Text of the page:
Carbon emissions are rising as a result of demographic shifts occurring in some rapidly developing nations.
When people age, marry or undergo other major life transitions, they change how they spend their time, which alters their energy-consumption patterns. But few studies have examined how these time-use changes affect emissions of greenhouse gases.
Biying Yu and Yi-Ming Wei of the Beijing Institute of Technology and their colleagues used data from China’s first large-scale time-use study to model the effects of two demographic changes expected in China: an increase in the number of one- and two-person households and in households that include people over the age of 65.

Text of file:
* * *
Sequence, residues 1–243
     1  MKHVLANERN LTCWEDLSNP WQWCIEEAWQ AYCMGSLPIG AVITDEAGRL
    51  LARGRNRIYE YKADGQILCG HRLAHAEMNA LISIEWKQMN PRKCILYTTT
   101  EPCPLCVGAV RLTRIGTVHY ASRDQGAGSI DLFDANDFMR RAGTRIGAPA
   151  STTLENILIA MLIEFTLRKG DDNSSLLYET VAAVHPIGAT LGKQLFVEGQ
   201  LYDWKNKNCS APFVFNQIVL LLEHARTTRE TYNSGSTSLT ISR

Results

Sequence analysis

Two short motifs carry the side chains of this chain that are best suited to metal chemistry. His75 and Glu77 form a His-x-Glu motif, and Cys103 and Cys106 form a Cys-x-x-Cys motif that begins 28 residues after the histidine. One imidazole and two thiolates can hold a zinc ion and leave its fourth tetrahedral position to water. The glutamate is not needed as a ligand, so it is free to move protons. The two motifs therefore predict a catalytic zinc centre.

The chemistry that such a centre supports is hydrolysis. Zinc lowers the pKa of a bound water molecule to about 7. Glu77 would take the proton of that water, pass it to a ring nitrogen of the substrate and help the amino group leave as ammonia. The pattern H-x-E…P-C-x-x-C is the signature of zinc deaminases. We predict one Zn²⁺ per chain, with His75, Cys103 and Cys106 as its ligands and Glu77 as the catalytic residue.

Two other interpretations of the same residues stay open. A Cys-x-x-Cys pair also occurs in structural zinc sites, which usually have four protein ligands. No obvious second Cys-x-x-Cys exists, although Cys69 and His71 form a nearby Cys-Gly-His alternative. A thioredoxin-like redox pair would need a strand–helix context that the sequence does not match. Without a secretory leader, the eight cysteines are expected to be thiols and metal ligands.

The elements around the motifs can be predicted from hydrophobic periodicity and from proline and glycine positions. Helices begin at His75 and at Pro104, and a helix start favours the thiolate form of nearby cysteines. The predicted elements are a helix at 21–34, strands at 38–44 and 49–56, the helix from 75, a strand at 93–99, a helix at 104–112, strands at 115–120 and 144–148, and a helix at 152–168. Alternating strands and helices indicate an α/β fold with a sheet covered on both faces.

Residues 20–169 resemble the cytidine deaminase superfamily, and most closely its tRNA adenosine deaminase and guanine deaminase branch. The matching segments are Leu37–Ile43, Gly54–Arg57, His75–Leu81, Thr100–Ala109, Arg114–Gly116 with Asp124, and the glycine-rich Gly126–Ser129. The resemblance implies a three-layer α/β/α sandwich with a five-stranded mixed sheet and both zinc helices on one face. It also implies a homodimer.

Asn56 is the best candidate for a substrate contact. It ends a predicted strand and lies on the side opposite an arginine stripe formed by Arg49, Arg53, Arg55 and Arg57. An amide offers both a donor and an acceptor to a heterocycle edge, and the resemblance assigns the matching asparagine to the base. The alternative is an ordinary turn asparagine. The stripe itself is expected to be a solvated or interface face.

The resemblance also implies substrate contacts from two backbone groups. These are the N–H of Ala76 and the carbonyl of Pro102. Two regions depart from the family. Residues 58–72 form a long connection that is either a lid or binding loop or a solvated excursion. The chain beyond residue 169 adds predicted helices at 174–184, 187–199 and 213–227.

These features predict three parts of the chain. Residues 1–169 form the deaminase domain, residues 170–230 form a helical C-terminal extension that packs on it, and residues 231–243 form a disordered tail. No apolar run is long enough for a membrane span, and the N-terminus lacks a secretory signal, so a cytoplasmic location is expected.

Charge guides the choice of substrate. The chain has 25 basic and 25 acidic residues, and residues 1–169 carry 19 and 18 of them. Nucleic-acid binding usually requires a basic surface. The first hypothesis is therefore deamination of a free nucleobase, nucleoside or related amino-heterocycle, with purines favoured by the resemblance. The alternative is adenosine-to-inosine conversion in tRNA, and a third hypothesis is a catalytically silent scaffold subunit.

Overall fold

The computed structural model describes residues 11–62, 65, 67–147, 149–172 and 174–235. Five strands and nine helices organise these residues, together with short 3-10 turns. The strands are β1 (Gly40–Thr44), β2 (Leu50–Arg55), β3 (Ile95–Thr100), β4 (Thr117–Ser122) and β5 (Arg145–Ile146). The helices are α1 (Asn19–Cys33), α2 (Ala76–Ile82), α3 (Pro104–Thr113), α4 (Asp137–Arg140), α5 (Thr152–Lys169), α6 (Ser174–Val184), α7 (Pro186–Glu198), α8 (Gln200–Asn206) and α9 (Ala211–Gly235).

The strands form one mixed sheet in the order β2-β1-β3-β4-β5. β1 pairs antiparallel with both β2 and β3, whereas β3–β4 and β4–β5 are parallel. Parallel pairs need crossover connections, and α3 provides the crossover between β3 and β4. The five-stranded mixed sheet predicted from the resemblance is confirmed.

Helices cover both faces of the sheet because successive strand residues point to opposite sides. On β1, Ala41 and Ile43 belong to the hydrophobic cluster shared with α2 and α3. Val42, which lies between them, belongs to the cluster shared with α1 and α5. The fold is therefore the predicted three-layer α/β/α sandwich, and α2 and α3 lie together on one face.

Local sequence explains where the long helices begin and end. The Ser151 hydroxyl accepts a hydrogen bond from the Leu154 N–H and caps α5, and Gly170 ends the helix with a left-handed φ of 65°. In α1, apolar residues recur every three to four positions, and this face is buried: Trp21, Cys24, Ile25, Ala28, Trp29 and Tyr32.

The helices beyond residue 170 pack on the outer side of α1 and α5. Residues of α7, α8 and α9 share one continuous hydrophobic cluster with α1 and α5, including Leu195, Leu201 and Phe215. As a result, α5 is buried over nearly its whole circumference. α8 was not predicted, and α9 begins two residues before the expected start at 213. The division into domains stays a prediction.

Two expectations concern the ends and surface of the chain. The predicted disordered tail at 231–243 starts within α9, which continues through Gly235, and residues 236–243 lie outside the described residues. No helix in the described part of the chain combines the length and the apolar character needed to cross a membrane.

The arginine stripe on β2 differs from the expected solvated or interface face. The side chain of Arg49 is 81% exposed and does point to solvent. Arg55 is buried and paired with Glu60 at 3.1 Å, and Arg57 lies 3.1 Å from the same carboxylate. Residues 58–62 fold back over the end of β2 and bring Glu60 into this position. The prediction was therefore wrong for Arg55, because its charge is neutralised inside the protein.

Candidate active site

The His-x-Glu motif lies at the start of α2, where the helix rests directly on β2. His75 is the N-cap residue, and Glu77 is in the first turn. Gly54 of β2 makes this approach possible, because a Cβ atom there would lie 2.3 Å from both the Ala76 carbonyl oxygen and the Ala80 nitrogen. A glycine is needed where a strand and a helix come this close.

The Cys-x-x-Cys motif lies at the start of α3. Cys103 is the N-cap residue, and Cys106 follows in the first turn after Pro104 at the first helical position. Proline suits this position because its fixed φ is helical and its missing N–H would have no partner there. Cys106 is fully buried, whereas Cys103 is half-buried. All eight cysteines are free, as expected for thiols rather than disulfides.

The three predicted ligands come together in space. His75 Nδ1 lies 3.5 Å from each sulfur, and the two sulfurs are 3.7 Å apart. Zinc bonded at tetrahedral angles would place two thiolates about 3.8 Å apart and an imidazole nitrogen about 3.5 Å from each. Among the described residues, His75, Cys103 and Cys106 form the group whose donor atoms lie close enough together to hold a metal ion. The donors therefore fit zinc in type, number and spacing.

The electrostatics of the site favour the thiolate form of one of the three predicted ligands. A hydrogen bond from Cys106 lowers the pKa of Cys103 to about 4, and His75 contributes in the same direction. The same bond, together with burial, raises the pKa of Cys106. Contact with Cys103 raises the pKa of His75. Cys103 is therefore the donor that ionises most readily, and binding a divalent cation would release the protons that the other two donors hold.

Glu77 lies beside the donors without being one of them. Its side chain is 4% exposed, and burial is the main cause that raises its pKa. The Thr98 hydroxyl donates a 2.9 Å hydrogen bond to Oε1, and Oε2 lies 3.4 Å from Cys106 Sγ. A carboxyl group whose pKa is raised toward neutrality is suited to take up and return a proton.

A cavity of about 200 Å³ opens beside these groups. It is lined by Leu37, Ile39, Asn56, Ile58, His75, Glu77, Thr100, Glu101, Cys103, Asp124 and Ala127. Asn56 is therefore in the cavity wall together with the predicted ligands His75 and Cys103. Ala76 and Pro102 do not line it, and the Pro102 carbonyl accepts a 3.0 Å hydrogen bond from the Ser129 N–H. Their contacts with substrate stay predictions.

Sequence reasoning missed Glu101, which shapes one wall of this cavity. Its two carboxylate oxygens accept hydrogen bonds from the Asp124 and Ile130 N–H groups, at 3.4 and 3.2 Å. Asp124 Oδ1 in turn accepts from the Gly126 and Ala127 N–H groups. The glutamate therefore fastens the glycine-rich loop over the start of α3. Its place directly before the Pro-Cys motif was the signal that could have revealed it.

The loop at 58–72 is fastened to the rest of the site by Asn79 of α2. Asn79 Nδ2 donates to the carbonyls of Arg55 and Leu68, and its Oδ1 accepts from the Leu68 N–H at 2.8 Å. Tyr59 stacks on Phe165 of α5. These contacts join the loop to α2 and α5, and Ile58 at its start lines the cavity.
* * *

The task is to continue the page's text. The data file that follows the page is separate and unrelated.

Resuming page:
The researchers examined how those changes would play out in Sichuan, a less-developed Chinese province projected to grow to 85 million people in 2030. The researchers found that as households age, they demand more energy for cooking, heating and other uses. In Sichuan, this and other changes driven by demographic trends are expected to result in the emission of an extra 35 million tonnes of carbon dioxide in 2030. An estimated 93% of the increase is attributable to changes in time use.